World Water Week coincides with the annual conference that is hosted by the Stockholm International Water Institute. This year the conference takes place during the last week of August.
The conference is a global meeting place for more than 2,000 participants, including key decision-makers and more than 200 collaborating organisations. The aim of the conference is to promote the exchange of views and experiences between scientific, business, policy and civil society communities where a good and pure water supply is an important issue with respect to environmental, health, livelihood and poverty reduction agendas.
The theme for the 2012 conference is "Water and Food Security".
Delegates were told that over 900 million people in the world suffer from hunger and two billion more face serious health risks from under nourishment. At the same time, 1.5 billion people overeat and over a third of all food that is produced is either lost or wasted.
In the US alone, 40% of the nation's food is discarded every year. That represents about $165 million in wasted food and it has been estimated that a 15% reduction of that would be enough to annually feed 25 million Americans.
Demand for food and fibre is now so great that by the middle of the current century, if trends continue as they are, the pressure on water supply in many parts of the world will become untenable and food and water security will come under serious threat.
To Torgny Holmgren, Executive Director of the Stockholm Water Institute the answer was quite simple.
"More than a quarter of all the water that is used worldwide is taken to grow a billion tons of food that nobody ever eats. That water, together with the billions of dollars spent on growing, shipping, packaging and purchasing the food, is sent down the drain. The smartest and most direct route to relieve pressure on water and land resources is to reduce the waste of food. It is an opportunity that we can't afford to overlook."
Also on the agenda will be discussions on the latest efforts to provide clean water and safe sanitation to the two billion plus people who currently live without sustainable access to these basic services. Half the cases of malnutrition worldwide are the result of illnesses and infection caused by dirty water or unhygienic sanitation.
Almost two in every three people who lack access to safe drinking water survive on less than $2 a day and one in three exists on less than $1 a day. This means that it is unrealistic for many who lack access to effective sanitation to finance this from their own resources. However, it is one of the world's most effective health interventions. UNICEF research has indicated that for every dollar that is invested, up to $34 can be saved in health, education and social development costs.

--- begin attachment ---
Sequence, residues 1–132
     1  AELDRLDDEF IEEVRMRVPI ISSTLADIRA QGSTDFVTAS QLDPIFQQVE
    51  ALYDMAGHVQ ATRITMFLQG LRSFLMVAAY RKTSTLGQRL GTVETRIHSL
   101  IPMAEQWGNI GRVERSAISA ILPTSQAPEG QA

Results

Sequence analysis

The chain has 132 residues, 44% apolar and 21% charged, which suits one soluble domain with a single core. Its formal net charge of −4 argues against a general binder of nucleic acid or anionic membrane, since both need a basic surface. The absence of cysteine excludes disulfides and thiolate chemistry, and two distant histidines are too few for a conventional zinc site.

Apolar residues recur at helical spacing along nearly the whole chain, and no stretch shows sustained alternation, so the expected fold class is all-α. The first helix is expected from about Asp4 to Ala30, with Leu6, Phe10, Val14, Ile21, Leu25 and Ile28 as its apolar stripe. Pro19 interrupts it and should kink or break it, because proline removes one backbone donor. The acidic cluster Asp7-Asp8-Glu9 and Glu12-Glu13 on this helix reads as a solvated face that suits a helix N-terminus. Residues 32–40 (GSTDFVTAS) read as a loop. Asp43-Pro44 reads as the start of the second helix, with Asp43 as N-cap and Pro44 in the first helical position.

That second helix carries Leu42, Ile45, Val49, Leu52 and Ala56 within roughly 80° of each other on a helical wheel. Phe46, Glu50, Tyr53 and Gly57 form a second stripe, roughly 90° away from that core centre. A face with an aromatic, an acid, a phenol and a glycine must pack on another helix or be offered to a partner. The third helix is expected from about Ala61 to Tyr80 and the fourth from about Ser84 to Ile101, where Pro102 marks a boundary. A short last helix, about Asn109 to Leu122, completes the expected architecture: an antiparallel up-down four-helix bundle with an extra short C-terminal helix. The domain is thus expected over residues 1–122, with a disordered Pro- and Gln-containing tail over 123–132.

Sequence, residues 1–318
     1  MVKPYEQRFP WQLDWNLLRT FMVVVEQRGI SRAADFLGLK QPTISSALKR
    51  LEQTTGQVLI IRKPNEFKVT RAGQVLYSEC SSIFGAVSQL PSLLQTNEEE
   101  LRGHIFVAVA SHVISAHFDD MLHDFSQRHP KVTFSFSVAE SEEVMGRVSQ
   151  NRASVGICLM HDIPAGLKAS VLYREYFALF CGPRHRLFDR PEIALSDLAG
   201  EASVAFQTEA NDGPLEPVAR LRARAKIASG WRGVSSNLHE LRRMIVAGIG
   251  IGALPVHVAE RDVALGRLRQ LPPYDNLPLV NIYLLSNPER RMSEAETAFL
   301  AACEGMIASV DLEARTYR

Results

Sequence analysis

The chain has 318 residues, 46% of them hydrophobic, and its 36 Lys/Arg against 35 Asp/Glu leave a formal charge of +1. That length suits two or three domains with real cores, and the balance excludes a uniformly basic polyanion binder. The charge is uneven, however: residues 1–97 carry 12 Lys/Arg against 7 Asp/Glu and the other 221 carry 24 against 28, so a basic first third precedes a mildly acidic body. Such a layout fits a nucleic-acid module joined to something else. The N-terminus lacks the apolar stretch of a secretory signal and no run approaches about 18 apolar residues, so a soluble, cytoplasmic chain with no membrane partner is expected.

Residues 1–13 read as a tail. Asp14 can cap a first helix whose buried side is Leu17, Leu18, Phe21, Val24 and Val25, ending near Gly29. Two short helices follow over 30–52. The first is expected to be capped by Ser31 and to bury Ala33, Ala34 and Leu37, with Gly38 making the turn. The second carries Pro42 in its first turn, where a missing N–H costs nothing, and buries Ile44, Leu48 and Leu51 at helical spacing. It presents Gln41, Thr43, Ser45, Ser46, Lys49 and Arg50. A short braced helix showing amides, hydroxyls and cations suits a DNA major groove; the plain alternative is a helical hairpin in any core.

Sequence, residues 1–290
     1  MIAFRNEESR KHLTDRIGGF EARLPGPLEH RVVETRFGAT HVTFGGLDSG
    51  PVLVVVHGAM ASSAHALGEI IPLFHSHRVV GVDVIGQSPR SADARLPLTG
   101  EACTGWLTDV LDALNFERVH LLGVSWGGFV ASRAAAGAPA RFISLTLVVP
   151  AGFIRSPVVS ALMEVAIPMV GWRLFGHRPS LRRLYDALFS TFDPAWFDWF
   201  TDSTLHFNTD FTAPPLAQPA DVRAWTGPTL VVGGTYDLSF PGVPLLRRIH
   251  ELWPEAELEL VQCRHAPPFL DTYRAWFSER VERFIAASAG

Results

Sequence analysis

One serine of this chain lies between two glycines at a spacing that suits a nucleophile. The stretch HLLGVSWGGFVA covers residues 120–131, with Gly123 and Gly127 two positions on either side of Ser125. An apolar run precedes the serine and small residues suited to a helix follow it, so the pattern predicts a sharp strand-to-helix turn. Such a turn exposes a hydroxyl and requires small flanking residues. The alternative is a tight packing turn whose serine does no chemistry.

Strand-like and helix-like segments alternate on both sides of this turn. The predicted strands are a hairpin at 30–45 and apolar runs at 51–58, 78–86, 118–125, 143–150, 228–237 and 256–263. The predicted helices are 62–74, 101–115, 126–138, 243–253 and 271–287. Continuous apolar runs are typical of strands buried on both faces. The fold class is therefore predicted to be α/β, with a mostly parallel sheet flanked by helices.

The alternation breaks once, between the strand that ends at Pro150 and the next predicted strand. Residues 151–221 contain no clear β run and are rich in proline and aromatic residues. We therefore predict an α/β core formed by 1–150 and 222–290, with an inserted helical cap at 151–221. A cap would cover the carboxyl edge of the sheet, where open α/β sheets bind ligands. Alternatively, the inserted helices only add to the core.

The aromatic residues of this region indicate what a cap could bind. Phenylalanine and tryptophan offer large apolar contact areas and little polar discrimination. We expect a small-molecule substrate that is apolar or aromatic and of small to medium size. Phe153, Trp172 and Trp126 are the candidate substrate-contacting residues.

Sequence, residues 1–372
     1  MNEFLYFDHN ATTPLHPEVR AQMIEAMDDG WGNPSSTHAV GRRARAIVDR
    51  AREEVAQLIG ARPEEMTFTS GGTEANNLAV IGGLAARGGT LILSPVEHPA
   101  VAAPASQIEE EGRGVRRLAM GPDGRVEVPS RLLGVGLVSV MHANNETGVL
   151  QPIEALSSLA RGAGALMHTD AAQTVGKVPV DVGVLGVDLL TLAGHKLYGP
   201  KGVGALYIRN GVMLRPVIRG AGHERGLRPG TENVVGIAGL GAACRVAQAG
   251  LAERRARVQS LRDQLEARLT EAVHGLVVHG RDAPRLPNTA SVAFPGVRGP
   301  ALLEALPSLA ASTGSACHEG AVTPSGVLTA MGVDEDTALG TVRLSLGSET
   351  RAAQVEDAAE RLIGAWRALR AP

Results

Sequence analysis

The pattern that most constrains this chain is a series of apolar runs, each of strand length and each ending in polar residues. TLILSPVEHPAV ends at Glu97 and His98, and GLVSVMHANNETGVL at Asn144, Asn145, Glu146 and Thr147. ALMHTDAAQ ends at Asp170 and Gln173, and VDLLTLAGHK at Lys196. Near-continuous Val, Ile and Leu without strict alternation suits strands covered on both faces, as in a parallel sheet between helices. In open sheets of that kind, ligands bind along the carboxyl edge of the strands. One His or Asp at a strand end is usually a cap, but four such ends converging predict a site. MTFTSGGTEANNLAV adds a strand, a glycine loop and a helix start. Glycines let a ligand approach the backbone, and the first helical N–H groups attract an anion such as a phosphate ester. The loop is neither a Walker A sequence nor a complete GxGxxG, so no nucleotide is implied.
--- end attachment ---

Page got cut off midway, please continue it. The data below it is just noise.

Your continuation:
In 2005 the UN set eight Millennium Development Goals to be achieved by 2015. One of these was achieved by early 2012, namely to give close access to an improved water supply to 89% of the world's population. The inspiration for this goal was to reduce the number of child deaths from diarrhoeal disease, but unfortunately there has been no improvement and death rates have remained very much the same.
Sadly, improvements in sanitation have not kept pace with improvements in the provision of a safe water supply. This continues to be a major problem that could be solved, but at a cost. Using proven approaches and technologies, in order to meet the Millennium Development Goal to halve the proportion of people without access to basic sanitation by 2015, it would cast about 10 billion US dollars per year. If this programme continued for a further ten years at the same rate, everyone in the world could be catered for.
A further problem is the need to monitor so-called improved water systems for contamination. Many of these new water sources are in the form of shallow wells and statistically these become contaminated within a year of their installation.
The main providers of food in the developing world are around 2.6 million small-scale producers. They till the land, raise animals and fish. Agriculture is a thirst activity, but it holds the key to sustainable water use.
Jose Graziano da Silva, Director General of the Food and Agriculture Organisation of the UN (FAO) said that investment in smallholder farmers was critical in order to achieve food and water supply for all people. We will want them to produce more, but in a sustainable way. We want them to preserve natural resources and adapt to climate change and all this can be done, but they will need help because they cannot be expected to achieve this alone.
World Water Week focuses on new thinking and positive action and from its original conception the organisers have been very much aware of the importance of involving the younger generation. An innovation for 2012 is the development of a Young Professionals' Vision. The aim is that during the conference a group of young professionals will develop a vision of how to achieve water and food security by 2050.
The earnest hope of the organisers is that World Water Week 2012 will move beyond rhetoric and provide some real answers to the world's water, environment and development challenges.